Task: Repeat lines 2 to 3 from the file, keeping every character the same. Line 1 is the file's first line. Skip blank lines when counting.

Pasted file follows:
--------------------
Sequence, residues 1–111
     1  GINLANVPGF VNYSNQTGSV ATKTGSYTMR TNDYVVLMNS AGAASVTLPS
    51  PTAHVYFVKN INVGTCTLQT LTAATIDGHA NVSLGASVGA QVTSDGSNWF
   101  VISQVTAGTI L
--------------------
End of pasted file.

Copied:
     1  GINLANVPGF VNYSNQTGSV ATKTGSYTMR TNDYVVLMNS AGAASVTLPS
    51  PTAHVYFVKN INVGTCTLQT LTAATIDGHA NVSLGASVGA QVTSDGSNWF